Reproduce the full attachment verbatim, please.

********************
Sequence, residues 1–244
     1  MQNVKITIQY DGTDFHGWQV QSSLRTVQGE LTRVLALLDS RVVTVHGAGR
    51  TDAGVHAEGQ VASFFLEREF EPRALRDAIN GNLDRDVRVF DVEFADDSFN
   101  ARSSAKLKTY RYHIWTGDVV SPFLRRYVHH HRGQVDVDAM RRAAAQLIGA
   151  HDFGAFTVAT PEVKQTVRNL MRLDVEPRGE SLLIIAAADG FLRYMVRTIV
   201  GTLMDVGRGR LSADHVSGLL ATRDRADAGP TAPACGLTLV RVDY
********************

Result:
Sequence, residues 1–244
     1  MQNVKITIQY DGTDFHGWQV QSSLRTVQGE LTRVLALLDS RVVTVHGAGR
    51  TDAGVHAEGQ VASFFLEREF EPRALRDAIN GNLDRDVRVF DVEFADDSFN
   101  ARSSAKLKTY RYHIWTGDVV SPFLRRYVHH HRGQVDVDAM RRAAAQLIGA
   151  HDFGAFTVAT PEVKQTVRNL MRLDVEPRGE SLLIIAAADG FLRYMVRTIV
   201  GTLMDVGRGR LSADHVSGLL ATRDRADAGP TAPACGLTLV RVDY